The Quarry by Iain Banks

Sally Ann Melia

Sally Ann Melia, SF&F
Apr 18, 2013
S A Melia is an English SF&F writer based in Surre
The Quarry by Iain Banks
My rating: 5 of 5 stars

I have read all the books by Iain Banks, and actually took quite a long time to get round to reading the Quarry. I think of reading this last book, but I finished it in March 2014.

It was with a great deal of sadness that I finally read this book, and the book with its tale of a house destined to fall into a Quarry, was a sad tale which perfectly suited my mood.

It's the story of a reunion of friends who ten or so years after university meet up on the occasion of a funeral, but also to discuss a 'mistake' in this case a video tape they made at Uni, and which most of them now want to destroy.

I won't say much about the story is told from the point of view of Kit who is a teenager with some mild learning difficulty. But this is a good story from Iain, maybe a little melancholy, or maybe that was the mood i read it in.


Mad Mountain Man
Jun 29, 2010
Scottish Highlands
My take:

The Quarry is an intensely character driven book with virtually no plot. It is written from the perspective of Kit, a teenager with Asperger’s living with his father, Guy, a sole parent who refuses to tell Kit who his mother is/was. The narrative is written in an extremely close first person that puts you right inside Kit’s head with all of his thoughts. As some who know me well might appreciate this is particularly interesting to me and I felt Banks does an exceptional job of not only putting the reader into Kit’s head but also, and very importantly, presenting his outlook on life as perfectly normal and reasonable and everyone else’s as far more unreasonable and illogical. I loved this aspect of the writing, brilliantly done! However this is also a poignantly sad book to read as Guy is dying of cancer with only a few months left to live and, towards the end of writing the book, Banks got his own cancer diagnosis with only a few months left for him. It is quite clear that Banks has channelled much of his own anger into Guys many angry outbursts about the injustice of it all (Guy is only in his mid-forties whilst Banks was just short of 60).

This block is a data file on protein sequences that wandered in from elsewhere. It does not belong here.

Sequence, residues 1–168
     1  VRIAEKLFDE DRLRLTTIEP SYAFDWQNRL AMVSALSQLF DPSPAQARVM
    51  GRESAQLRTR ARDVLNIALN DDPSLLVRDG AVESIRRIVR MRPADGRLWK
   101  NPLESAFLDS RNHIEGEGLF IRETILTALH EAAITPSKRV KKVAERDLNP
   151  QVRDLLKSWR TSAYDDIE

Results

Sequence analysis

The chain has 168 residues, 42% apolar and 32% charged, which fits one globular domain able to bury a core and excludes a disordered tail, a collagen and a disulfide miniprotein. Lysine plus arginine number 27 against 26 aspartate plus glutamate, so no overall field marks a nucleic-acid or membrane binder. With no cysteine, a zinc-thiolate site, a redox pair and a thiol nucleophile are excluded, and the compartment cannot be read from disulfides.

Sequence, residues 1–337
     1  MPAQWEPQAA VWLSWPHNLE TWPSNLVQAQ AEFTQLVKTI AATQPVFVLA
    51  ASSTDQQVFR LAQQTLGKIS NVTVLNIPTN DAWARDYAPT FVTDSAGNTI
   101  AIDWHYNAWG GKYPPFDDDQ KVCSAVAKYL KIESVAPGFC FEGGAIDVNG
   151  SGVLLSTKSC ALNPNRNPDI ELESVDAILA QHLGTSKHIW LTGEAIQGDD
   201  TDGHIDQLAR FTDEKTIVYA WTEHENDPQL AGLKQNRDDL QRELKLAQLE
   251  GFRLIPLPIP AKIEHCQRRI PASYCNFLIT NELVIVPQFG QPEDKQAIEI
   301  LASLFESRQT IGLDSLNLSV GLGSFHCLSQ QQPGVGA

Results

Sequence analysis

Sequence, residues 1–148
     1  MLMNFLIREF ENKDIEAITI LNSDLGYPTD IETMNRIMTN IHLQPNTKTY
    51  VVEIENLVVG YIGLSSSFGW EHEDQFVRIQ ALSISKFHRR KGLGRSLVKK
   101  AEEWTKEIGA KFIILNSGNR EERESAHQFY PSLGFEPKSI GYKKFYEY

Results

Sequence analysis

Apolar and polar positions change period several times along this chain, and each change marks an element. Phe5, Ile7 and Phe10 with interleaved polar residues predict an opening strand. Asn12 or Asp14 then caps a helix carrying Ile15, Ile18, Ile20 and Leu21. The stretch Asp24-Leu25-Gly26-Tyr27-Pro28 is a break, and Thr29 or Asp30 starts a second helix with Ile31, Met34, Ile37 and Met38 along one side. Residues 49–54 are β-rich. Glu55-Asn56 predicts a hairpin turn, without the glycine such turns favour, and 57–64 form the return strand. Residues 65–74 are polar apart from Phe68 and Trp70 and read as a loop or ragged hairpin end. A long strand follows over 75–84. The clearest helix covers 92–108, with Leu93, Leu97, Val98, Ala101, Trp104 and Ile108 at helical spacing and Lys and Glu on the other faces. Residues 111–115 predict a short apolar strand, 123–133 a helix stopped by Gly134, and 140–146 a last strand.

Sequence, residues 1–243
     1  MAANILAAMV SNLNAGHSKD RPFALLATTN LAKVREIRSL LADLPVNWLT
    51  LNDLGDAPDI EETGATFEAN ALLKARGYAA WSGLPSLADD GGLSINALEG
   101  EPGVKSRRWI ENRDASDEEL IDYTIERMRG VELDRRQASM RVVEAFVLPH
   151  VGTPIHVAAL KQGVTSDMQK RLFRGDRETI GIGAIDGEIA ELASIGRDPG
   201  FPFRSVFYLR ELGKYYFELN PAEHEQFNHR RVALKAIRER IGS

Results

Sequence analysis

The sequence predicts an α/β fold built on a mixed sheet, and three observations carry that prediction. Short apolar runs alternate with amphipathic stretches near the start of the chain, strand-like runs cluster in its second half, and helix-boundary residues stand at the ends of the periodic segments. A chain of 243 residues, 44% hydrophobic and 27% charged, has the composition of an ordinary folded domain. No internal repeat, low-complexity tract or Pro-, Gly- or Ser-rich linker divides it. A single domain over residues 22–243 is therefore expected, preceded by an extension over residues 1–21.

The book is also built around one of Banks’s favourite tropes of a groups of old friends and/or relatives reuniting following, or in anticipation of, a death and then de-closeting loads of skeletons. However his previous books employing this trope have generally only used it as the starting point and have significant plots independent of the cause for the reunion. The quarry, in contrast, doesn’t really bother much with a plot, instead focusing on the characters’ attitudes and reactions to Guy’s imminent end. In this respect the book is quite brutally honest about the difference between people’s facades and their true feelings.

I have seen many disappointed reviews of The Quarry, frequently from people who otherwise love Banks’s work, sometimes due to the repeated use of the reunion trope already mentioned, sometimes due to the lack of plot and sometimes due to the grumpy old man feeling running throughout (many complaints about whinging) which in fairness does on occasion get a little trying. However for myself I loved it and found the brutally honest examination of the characters’ true motives rather cathartic. It’s not a long book and is, in my humble opinion, well worth the effort.

4/5 stars